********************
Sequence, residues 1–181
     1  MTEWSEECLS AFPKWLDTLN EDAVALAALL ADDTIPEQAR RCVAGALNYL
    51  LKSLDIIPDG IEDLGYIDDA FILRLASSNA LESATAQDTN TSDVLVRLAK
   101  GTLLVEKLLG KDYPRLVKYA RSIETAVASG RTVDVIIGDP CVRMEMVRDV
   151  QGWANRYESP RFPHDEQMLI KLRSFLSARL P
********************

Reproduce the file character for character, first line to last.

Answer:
Sequence, residues 1–181
     1  MTEWSEECLS AFPKWLDTLN EDAVALAALL ADDTIPEQAR RCVAGALNYL
    51  LKSLDIIPDG IEDLGYIDDA FILRLASSNA LESATAQDTN TSDVLVRLAK
   101  GTLLVEKLLG KDYPRLVKYA RSIETAVASG RTVDVIIGDP CVRMEMVRDV
   151  QGWANRYESP RFPHDEQMLI KLRSFLSARL P